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Authors: Art Linson

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So in the process of trying to transform this into a script, I realized that I had to give the character a time frame, a personal life, and so on. It couldn't just be a series of Hollywood snapshots, because nobody would care about it. I compressed these events and added some new ones where you are watching this guy in the course of three or four weeks in his life trying to hold on. The reason it came out even more desperate than I imagined it to be in the book is because once you impose this time frame, you go, ‘Holy mackerel, what a mess. Who would want to be that guy?' It looks so good on the outside, he's hanging out with Bruce Willis and Sean Penn, but he comes off like Willy Loman. There's an air of panic, there's a sense of feeling like everybody in Hollywood
is like a snail on a glass pane just trying to hold on for dear life. You could be Brad Pitt on the high end of the glass or you could be a junior executive over here, the desperation is about slipping down. Maybe desperation is a word I've used too much. It's insecurity too. Everybody feels insecure out here. When a lot of money is at stake, and everyone's career is going up or down every time, treachery, lying, duplicitous behavior as well as panic and insecurity will set in somewhere. It just does, every day here. How can it not?

PB
: The script is very funny. Had you ever written one before?

AL
: I actually have. Frankly, through my career, as a producer, one of the things I am good at is helping writers frame screenplays so that they worked. Then I wrote a couple of books. I never had the courage to go out there and be a screenwriter, in the sense that if you really want to find a hard way to make a living, pick that one.

So when De Niro said this, what clicked in for me was that I realized I had to change it from the book and make it more personal. I had to use my own life as a template, and if I did that, then I could pull people in as opposed to just presenting snapshots of the process.

When I was able to frame the story, start it right off the preview that is a disaster—because it violates all the no-no's that you can't do with movies if you are trying to get decent distribution—I was hoping it would get people to feel for a guy in that situation.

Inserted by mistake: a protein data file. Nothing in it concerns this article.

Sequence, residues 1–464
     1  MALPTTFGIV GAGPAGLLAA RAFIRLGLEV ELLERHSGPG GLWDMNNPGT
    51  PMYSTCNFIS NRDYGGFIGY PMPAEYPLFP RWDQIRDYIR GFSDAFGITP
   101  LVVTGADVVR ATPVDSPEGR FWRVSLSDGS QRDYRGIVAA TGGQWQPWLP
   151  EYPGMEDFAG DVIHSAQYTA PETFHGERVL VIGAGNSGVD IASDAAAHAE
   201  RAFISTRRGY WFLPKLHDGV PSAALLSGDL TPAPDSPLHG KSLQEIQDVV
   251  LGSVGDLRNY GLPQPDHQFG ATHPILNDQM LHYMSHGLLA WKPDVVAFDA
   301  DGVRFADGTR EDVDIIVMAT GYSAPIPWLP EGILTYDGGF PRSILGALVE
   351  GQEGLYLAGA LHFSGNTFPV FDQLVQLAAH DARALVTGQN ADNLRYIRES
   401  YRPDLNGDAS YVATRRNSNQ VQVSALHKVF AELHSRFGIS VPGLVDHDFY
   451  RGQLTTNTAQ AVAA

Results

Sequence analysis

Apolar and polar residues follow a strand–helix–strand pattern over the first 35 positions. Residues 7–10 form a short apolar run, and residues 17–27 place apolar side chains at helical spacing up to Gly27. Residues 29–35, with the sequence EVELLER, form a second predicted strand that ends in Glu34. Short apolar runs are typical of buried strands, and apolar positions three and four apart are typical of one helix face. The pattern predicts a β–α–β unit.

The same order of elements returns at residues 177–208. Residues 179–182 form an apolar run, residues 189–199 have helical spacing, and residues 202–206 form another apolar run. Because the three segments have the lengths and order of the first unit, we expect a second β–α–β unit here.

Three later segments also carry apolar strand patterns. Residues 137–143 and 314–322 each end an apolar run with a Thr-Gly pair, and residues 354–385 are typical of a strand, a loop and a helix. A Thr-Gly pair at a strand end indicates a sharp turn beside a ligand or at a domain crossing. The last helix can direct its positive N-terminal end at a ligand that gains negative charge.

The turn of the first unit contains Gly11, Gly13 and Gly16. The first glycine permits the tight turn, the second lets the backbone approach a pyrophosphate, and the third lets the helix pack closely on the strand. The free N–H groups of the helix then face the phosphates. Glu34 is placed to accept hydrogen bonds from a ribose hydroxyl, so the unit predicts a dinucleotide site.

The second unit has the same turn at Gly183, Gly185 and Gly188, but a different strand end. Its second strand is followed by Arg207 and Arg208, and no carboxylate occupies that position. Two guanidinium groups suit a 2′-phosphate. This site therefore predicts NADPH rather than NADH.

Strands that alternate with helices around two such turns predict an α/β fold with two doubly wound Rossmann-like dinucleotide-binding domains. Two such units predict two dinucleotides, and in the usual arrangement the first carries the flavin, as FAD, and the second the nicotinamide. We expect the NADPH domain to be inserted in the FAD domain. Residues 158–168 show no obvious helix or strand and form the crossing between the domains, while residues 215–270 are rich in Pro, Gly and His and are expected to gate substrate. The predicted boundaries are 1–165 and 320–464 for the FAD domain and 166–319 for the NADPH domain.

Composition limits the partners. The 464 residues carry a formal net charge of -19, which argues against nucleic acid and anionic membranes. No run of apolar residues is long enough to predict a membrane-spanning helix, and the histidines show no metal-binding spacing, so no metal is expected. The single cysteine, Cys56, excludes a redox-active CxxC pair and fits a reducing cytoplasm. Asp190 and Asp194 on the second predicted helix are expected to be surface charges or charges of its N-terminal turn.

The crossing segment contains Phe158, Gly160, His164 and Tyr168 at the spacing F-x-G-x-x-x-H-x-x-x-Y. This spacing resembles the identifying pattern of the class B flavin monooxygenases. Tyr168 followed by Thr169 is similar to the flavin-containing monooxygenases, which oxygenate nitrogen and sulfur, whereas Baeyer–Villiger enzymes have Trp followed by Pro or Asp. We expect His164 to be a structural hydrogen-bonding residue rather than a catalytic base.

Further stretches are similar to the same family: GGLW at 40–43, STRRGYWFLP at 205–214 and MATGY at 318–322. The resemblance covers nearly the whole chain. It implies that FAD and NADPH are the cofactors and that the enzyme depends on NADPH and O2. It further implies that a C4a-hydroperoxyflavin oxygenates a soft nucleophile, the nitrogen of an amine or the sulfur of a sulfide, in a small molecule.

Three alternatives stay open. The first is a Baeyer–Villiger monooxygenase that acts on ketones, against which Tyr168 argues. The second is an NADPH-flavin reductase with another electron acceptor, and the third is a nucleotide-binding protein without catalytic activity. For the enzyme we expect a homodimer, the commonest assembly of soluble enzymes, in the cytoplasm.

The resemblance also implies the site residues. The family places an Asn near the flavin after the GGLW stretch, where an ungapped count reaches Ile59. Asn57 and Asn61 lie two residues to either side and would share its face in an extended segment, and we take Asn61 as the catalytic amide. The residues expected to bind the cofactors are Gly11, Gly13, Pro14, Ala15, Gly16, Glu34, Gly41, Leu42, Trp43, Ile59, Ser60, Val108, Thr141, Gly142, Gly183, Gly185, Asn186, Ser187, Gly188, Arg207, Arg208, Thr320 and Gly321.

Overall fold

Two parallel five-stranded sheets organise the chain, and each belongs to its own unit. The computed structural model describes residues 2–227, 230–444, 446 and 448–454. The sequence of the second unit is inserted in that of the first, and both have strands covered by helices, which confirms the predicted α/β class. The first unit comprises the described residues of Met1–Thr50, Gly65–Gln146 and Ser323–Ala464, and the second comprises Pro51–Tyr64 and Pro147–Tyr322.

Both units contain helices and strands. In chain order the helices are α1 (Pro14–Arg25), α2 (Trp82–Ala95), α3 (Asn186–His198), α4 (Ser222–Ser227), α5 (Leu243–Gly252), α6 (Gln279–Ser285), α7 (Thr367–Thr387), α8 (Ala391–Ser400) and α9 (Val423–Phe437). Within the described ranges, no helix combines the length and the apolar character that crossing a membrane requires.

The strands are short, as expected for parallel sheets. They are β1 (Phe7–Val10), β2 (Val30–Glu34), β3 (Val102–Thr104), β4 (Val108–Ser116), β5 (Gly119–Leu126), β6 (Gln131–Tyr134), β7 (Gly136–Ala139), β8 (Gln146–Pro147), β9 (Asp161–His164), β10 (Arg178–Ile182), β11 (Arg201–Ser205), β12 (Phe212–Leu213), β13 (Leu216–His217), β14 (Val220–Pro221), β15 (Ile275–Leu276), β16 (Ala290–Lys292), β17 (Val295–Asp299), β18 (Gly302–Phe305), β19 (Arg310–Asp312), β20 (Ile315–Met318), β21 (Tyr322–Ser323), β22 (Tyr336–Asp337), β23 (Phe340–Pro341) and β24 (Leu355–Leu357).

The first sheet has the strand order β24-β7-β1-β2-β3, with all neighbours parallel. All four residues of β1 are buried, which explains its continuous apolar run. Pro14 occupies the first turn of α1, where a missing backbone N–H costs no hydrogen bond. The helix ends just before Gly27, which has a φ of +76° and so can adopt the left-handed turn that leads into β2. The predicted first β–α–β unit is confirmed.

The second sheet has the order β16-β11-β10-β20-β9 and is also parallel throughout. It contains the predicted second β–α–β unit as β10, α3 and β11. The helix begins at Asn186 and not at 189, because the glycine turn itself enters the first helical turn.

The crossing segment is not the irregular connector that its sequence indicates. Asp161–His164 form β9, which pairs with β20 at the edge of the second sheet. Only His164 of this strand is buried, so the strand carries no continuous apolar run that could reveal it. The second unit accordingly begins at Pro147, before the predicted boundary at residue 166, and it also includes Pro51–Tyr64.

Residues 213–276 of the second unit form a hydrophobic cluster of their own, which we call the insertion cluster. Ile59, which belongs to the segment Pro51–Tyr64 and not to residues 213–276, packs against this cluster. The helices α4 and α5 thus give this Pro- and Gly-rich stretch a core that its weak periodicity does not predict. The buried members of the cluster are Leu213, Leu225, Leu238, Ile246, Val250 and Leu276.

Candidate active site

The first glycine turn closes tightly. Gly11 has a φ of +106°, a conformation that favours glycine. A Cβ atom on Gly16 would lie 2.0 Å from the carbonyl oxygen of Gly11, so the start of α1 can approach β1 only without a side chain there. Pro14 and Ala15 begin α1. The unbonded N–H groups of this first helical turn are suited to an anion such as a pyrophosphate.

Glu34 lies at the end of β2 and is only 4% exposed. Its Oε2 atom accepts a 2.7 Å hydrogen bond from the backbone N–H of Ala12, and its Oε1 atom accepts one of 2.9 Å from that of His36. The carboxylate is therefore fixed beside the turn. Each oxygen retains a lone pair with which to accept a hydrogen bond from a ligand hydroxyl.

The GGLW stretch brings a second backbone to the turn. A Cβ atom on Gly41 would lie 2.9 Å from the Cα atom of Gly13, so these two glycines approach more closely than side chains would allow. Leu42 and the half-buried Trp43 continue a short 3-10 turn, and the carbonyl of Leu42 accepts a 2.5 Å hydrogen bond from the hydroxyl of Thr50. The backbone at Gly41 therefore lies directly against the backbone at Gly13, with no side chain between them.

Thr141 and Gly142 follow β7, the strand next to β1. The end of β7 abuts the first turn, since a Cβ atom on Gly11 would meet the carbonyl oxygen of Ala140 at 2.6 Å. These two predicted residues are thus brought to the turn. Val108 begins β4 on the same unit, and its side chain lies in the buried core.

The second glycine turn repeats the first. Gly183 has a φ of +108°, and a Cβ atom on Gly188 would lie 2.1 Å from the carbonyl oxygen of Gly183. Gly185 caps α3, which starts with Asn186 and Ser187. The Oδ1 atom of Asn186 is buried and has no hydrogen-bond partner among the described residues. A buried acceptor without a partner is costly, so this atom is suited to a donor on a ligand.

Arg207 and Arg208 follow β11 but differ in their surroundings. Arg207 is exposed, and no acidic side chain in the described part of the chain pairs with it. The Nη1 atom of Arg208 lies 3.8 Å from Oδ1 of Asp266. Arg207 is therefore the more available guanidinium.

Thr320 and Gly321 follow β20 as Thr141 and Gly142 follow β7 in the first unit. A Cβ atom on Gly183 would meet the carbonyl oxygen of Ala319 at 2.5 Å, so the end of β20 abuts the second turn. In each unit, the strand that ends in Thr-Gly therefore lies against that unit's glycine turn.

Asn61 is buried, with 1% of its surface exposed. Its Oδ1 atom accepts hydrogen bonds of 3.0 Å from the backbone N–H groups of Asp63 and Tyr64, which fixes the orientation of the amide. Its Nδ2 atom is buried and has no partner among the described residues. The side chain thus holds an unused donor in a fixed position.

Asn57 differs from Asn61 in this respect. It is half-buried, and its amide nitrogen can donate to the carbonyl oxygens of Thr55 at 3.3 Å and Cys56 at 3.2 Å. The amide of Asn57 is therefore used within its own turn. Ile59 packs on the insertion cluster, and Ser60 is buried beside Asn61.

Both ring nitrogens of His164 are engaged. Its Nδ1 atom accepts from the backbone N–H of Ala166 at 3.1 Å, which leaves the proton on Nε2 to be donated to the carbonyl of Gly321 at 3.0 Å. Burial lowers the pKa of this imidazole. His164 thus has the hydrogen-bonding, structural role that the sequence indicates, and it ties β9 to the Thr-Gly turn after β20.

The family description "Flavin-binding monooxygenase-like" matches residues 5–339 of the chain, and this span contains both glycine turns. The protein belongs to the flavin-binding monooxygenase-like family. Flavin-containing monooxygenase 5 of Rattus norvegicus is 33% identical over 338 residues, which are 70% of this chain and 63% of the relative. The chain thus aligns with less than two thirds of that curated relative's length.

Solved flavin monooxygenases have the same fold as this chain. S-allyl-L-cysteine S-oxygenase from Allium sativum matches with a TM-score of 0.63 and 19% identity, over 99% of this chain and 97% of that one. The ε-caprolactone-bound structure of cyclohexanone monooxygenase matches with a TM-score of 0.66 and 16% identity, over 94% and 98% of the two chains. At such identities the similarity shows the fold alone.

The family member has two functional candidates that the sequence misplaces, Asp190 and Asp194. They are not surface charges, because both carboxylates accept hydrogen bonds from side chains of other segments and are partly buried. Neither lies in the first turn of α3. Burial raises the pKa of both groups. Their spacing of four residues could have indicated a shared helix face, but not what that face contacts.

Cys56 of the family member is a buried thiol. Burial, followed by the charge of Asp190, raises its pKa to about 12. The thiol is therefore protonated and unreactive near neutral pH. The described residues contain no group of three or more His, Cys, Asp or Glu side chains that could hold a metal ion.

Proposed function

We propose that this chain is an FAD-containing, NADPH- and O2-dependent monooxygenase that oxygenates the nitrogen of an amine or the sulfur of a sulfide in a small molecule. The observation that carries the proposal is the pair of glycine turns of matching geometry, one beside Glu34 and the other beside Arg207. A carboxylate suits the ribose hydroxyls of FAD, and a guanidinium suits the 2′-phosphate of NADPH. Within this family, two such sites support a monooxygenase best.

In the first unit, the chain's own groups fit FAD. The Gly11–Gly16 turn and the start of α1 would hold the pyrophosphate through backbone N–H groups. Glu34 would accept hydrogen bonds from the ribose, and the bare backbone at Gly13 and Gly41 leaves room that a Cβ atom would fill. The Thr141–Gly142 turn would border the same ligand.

PB
: It's very funny, because the guy's driving his Mercedes, looking like he's on top of the world, picking up his kids to take them to school from two or three homes in Beverly Hills big enough to house everyone in Tijuana, and then you realize he must be hemorrhaging alimony and child-support to his ex-wives.

AL
: I must tell you, I know people like this. Divorce lawyers take your big house, they cut it in half with a chain saw and you don't get either half.

PB
: How many drafts did the script go through?

AL
: Bob's the ultimate of what you would want an executive to be, only you can't expect it of them, because he is an artist. But what he does is that he nurtures, so it's not that he goes and says, ‘Do this, do that,' but he reads it and instead of stripping you of your confidence, he sort of mumbles, ‘You know, it's okay.' If every time he went ‘Boy, that's really terrible,' he's not going to get the best out of me, because I am going to lose my confidence and so is everybody else. So if something didn't work, he sort of circles around it, and then goes, ‘I don't know about that, but this is good, this is good.' In effect, he's saying, ‘There is something good, but it's not there yet,' but he won't say ‘it's not there yet.' It's almost like I have to say it for him. And then he says, ‘Just keep going.' His mantra is, ‘Keep going, get through it, finish it,' but he did find scenes that made him laugh, and he started to see the character that he wanted in the first place that is only thinly in the book—a man hanging on, which is what the movie ended up being about.

Everybody who has worked with Bob either as a director, a writer, or an actor knows that he makes them better. And no one knows how he does it, you just kind of go, ‘Huh?' He's a little bit like Chauncey Gardiner, you have to listen for the right note. If you aren't listening it makes no sense a lot of times but if you are listening it actually does. Part of it is a humility of not wanting to criticize. I've known him for a long, long time now, and he's not somebody who you see criticizing other people's scripts or other people's movies. He makes stuff, so he doesn't think about it that way.